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Are you considering downsizing your home? Here’s What an Expert Says You Should Consider First

Amid the cost of living crisis, many Canadians looking to save money or reduce regular maintenance expenses might consider downsizing their home. But a housing expert says there are several things to consider before moving.

If you often wonder if your current home is financially viable and still fits your current living situation, it’s likely that a change in your living situation is due, says Toronto real estate agent Erica Reddy in an interview with CTV’s Your Morning earlier. this week.

“If you’re sitting there and you’re saying, ‘You know what, my finances are really starting to get a little tight and maintaining this house really doesn’t make sense.’ This could be a signal to start thinking about what downsizing looks like,” Reddy said.

Downsizing can be a daunting task at any stage of life, but planning ahead and considering how long it will take to move is a good place to start the process, Reddy recommends.

“It’s not an easy step. It’s not a quick process and there are a lot of things to do to make sure you’re ready to actually downsize.

Considering how much time it will take to declutter, especially if you’re moving from a home with multiple bedrooms and rooms to a two-bedroom home, for example, it’s important to give yourself plenty of time to divide up your belongings. that you are saving and intend to give away, Reddy adds.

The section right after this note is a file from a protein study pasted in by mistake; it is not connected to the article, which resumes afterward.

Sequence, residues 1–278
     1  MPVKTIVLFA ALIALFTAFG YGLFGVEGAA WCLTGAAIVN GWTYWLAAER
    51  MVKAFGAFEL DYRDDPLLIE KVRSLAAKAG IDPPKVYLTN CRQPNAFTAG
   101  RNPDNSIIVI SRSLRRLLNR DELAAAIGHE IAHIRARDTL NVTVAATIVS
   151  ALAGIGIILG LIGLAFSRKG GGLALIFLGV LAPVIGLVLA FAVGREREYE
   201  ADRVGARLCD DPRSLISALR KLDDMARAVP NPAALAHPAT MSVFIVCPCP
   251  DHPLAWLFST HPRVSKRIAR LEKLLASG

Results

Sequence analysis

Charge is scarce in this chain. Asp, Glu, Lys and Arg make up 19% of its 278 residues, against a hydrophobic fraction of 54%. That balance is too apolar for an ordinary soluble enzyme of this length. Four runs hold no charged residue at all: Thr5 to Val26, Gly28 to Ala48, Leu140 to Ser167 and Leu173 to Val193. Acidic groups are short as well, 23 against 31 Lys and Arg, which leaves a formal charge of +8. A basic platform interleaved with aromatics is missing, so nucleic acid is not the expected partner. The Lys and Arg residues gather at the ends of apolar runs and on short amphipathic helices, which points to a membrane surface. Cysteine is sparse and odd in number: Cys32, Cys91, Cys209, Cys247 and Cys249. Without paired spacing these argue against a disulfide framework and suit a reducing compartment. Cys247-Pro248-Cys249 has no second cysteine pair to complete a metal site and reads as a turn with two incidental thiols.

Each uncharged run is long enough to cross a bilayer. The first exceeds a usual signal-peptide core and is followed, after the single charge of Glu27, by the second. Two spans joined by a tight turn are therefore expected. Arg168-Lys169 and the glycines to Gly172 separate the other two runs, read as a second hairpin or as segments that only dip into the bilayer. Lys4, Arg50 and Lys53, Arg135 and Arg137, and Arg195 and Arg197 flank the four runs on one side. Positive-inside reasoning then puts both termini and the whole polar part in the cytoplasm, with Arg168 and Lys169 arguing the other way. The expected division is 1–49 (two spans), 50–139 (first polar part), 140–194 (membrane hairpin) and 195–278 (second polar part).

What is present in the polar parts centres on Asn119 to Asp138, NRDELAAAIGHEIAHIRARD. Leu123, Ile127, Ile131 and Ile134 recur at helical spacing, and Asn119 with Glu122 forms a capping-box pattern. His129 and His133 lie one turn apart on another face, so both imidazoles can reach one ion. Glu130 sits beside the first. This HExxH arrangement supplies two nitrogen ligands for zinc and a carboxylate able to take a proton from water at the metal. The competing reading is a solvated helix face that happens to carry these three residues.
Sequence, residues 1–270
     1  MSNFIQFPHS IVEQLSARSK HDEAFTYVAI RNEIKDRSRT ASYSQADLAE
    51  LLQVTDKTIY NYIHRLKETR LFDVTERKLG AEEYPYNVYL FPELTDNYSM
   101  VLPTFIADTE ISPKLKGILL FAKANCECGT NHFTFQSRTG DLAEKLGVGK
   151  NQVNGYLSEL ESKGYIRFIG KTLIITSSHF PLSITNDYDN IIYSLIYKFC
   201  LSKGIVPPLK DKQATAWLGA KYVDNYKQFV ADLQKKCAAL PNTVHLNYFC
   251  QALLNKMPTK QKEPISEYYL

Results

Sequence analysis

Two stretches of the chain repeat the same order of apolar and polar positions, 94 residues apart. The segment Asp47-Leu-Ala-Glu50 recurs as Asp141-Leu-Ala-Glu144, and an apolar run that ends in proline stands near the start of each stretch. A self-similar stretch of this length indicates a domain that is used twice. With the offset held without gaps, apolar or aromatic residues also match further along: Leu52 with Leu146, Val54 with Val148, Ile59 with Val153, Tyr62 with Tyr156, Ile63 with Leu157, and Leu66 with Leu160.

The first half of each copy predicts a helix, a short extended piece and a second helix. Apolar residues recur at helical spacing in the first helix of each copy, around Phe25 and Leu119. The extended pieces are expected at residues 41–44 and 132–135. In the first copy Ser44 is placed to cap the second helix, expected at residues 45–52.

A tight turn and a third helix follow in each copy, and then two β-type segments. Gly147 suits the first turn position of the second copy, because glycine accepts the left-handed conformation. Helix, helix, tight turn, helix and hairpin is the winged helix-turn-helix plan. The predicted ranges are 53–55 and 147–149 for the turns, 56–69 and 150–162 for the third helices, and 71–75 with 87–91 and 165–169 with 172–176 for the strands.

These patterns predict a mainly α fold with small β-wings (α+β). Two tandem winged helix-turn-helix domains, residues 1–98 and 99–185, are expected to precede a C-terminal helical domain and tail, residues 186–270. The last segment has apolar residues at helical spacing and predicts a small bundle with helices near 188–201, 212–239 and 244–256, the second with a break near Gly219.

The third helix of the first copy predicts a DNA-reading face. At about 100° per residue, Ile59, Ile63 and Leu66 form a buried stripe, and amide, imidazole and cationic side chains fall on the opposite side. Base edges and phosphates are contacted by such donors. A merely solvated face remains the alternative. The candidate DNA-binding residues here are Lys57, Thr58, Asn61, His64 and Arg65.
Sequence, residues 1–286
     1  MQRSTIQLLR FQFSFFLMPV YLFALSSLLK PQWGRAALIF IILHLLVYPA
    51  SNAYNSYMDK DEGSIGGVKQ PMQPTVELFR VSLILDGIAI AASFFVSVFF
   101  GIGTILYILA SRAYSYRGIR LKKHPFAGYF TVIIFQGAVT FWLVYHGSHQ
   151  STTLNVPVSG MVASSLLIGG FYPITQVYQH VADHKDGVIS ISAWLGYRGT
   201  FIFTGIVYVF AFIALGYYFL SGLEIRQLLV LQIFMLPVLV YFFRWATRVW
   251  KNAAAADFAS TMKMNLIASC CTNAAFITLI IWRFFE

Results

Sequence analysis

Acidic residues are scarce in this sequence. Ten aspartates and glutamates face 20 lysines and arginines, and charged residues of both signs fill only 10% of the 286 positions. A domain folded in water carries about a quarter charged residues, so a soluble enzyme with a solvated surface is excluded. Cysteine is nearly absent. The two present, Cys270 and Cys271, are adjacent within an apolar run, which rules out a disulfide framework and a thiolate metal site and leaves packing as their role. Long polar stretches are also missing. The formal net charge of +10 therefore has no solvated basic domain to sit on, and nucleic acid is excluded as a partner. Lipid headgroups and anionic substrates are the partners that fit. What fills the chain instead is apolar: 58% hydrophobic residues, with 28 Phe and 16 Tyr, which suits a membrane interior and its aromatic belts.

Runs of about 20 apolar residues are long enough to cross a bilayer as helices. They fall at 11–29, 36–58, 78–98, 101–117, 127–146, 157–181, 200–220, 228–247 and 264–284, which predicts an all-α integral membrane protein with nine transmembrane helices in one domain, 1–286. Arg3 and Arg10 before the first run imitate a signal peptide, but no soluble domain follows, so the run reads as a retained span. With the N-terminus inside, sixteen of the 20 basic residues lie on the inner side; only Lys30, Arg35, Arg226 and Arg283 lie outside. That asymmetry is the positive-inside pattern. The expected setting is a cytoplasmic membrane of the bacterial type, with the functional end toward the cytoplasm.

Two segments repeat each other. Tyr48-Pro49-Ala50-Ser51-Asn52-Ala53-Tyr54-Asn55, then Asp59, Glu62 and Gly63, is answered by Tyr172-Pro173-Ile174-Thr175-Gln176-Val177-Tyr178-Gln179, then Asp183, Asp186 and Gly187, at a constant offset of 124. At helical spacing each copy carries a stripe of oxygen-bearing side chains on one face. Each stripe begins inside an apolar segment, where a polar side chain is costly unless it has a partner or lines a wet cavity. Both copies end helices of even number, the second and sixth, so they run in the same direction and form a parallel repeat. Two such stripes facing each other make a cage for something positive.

It’s best to be proactive and think about downsizing before any potential precipitous situation where a significant change might be necessary, Reddy notes.

While the benefits of downsizing may be appealing to some, it is still a difficult and major life change that can bring up feelings of anxiety and fear about taking on the associated costs to a major move, especially with rising interest rates.

That’s why Reddy said it’s crucial to weigh the risks and benefits as well as the timing of such a decision.

“Coming to that realization and having that conversation can be a huge step forward,” she said.

“But the flip side of that is finding yourself in a much better situation before a situation where it becomes rushed or at a time where it’s forced or has to be done.”

To watch the full interview, click on the video at the top of this article.

Reporting on this story was funded by the Canadian Journalism Foundation’s Black Journalism Fellowship.

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